On October 2, 2020, the Small Business Administration (SBA) issued a Procedural Notice to provide information concerning required procedures for a “change in ownership” of an entity that has received a paycheck protection program (PPP) loan. Prior to issuance of this Procedural Notice, the SBA regulations that govern PPP loans did not expressly address asset acquisitions/sales or even provide a detailed definition of “change of ownership” for borrowers. Further, while most PPP loan documents required the PPP lender to consent prior to a “change of ownership,” the term “change in ownership” was not defined. This lack of guidance and undefined language in the PPP loan documents left PPP borrowers who wanted to accomplish an asset acquisition/sale, sale of common stock or ownership or merger at risk of defaulting on their PPP loan covenants, which would require immediate repayment of their PPP loan.
“Change in Ownership” Defined
The SBA Procedural Notice defines “change of ownership” to mean when (i) at least 20% of common stock or ownership interest of a PPP borrower is sold or transferred (whether in one or more transactions since the date of approval of the PPP loan), including to an affiliate or existing owner; (ii) the PPP borrower sells or transfers at least 50% of its assets (whether in one or more transactions since the date of approval of the PPP loan); OR (iii) the PPP borrower is merged with or into another entity.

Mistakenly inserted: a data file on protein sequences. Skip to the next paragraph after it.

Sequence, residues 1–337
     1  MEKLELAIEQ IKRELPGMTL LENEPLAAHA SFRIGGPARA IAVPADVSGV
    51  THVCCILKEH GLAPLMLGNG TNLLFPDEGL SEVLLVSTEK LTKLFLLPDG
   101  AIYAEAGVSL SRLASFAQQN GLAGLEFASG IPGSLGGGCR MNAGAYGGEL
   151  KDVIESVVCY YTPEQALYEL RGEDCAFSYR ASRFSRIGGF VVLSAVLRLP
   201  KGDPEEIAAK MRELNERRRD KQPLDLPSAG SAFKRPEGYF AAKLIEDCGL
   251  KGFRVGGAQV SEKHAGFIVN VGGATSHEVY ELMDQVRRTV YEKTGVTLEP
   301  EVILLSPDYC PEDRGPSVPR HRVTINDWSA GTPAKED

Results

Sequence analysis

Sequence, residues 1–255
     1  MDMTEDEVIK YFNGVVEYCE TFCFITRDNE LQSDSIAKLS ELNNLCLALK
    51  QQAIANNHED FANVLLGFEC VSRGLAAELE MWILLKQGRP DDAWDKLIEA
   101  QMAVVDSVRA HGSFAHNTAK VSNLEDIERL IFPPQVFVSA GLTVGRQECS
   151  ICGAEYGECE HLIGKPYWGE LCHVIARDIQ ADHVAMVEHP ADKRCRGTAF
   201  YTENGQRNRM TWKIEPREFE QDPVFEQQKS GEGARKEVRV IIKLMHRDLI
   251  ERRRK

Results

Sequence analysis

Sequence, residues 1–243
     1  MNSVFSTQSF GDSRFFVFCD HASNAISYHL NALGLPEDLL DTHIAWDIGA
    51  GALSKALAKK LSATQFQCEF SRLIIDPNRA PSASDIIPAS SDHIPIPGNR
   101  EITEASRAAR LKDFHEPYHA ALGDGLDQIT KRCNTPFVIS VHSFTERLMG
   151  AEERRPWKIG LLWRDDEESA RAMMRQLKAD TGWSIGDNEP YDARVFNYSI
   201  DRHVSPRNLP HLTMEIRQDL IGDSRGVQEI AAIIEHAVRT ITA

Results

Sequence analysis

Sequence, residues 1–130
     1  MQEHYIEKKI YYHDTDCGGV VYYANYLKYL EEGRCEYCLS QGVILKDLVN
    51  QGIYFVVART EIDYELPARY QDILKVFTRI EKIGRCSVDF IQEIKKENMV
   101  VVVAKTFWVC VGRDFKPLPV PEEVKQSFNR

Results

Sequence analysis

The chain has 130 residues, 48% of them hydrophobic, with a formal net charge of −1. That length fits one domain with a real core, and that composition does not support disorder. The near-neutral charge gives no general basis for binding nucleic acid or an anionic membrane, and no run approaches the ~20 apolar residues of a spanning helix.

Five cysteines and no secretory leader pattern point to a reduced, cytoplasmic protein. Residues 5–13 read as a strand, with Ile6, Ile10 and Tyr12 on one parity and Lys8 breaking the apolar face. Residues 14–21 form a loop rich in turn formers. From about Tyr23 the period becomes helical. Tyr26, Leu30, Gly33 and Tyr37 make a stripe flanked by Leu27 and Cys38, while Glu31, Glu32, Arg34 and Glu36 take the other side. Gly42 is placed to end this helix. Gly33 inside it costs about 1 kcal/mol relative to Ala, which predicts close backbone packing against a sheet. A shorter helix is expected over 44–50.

Requirements for a “Change in Ownership” M&A Transaction
Prior to closing of any “change of ownership” transaction as identified above, in which the PPP loan has not been repaid in full or the loan forgiveness process has not been completed, the PPP borrower must notify the PPP lender of the transaction and provide the PPP lender with a copy of the proposed agreements and other documents that would effectuate the proposed transaction.
Further, regardless of the requirements for any “change in ownership” situation (as further discussed below), the Procedural Notice states the PPP borrower remains responsible for performance of all obligations of the PPP loan, certifications made in connection with the PPP loan, compliance with PPP requirements and for obtaining, preparing and retaining all required PPP forms and supporting documentation and providing those forms and documents to its PPP lender and/or the SBA upon request.
Sale or Transfer of Stock or Ownership Interest and Merger
With respect to a “change in ownership” transaction for a sale or transfer of stock or ownership interest, only PPP lender consent is required (not SBA consent or approval) if the sale or transfer of stock or ownership interest is for 50% or less of the common stock or ownership interest. In the event of the sale or transfer for greater than 50% or in the event of a merger, a PPP borrower can still avoid the requirement of SBA consent or approval if a PPP borrower completes and submits a forgiveness application reflecting use of ALL of the PPP loan proceeds, with any requested supporting documents, to the PPP lender AND establishes an interest-bearing escrow account (controlled by the PPP lender) with funds equal to the outstanding balance of the PPP loan (with the escrowed funds only to be disbursed upon the final determination of forgiveness).